A persistent failure by the manager designated by an employer to receive complaints of sexual harassment to respond to an employee’s complaints of such harassment was sufficient to permit a jury to reasonably conclude that the employer acted with malice or reckless indifference to sexual harassment, entitling the employee to punitive damages, the U.S. Court of Appeals for the Tenth Circuit held Feb. 1 (Deters v. Equifax Credit Information Services Inc., 10th Cir., No. 97-3340, 2/1/00).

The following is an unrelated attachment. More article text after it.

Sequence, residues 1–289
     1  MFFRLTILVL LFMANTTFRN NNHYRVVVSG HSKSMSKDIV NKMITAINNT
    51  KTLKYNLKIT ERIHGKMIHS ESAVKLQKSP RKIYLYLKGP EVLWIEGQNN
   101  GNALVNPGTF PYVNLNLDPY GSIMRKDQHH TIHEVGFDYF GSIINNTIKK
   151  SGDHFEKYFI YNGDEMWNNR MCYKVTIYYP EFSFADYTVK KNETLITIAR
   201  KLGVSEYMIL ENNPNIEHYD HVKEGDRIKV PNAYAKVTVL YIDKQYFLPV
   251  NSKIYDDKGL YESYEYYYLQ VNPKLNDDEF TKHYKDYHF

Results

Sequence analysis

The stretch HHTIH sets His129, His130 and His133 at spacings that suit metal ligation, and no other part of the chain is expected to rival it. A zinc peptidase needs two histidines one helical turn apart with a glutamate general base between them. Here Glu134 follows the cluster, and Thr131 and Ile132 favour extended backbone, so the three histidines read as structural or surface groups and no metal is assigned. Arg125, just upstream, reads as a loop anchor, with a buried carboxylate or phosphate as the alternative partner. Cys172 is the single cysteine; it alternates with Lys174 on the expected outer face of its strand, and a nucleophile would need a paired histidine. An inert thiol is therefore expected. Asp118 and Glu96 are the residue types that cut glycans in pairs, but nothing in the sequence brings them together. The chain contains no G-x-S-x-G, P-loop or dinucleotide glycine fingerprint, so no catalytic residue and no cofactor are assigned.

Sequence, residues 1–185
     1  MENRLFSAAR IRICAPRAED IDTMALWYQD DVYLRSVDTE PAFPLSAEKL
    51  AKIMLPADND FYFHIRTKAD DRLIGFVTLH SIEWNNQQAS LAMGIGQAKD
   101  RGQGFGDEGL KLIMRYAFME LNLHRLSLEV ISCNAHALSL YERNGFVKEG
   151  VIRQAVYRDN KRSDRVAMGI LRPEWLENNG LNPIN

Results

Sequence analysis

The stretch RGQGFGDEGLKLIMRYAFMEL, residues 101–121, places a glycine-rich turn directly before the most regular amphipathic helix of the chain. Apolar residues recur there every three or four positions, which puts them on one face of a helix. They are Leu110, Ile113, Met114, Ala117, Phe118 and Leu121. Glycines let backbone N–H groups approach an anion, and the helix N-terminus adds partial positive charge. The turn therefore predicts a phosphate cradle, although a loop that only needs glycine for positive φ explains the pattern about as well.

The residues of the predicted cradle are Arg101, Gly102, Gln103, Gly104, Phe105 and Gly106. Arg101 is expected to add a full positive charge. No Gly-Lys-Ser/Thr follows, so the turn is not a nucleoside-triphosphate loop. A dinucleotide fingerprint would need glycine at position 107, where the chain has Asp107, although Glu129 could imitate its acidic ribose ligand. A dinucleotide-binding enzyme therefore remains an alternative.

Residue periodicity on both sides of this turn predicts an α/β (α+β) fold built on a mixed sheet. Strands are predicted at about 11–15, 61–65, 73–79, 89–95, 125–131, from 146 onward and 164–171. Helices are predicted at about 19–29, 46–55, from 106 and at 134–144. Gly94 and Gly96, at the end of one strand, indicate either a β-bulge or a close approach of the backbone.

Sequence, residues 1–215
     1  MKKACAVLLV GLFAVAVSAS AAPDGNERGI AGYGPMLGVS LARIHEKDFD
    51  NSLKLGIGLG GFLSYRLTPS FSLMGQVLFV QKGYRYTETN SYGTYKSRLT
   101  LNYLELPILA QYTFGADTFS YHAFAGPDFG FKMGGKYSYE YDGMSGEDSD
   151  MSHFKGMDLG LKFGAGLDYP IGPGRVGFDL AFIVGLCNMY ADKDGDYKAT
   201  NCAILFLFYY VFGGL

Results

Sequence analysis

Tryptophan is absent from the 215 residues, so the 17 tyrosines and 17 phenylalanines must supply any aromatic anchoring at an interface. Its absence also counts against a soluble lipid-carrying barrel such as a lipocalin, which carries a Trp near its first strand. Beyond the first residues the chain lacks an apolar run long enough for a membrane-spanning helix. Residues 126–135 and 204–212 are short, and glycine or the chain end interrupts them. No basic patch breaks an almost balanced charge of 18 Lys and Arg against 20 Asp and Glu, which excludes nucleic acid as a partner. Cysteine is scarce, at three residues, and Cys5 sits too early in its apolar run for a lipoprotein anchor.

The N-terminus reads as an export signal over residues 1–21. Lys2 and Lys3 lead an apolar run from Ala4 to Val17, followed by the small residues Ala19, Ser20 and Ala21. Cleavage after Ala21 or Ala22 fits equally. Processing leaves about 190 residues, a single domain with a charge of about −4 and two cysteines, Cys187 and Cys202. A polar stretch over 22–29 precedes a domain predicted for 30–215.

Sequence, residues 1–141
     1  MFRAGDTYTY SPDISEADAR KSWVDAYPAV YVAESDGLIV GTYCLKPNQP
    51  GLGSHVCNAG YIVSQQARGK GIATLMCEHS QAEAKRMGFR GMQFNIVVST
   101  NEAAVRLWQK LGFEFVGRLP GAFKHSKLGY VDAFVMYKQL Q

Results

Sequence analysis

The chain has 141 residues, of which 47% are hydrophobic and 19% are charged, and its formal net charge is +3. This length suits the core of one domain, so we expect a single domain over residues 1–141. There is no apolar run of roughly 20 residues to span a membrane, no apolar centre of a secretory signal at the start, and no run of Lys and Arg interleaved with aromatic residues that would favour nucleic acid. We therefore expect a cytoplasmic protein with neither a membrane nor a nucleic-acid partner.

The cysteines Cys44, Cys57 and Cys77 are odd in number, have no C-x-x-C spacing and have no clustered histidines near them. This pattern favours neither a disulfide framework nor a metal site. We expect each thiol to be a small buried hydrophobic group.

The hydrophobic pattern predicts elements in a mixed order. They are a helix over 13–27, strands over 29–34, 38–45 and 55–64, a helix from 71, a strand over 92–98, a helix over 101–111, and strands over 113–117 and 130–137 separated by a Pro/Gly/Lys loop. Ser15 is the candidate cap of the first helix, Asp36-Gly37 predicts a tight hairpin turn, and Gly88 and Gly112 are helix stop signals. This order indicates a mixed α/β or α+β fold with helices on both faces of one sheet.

Sharon Deters, a former employee of Equifax Credit Information Services Inc., alleged that she had been subjected to persistent sexual harassment, mainly verbal and occasionally physical, while she was employed in Equifax’s Lenexa, Kan., debt-collection office. At trial, she described sexual harassment that she suffered at the hands of three male co-workers and her original male supervisor. A jury awarded her $5,000 in compensatory damages and $1 million in punitive damages, which the district court reduced to $295,000 in accordance with the statutory cap on such damages. The 10th Circuit affirmed on appeal.
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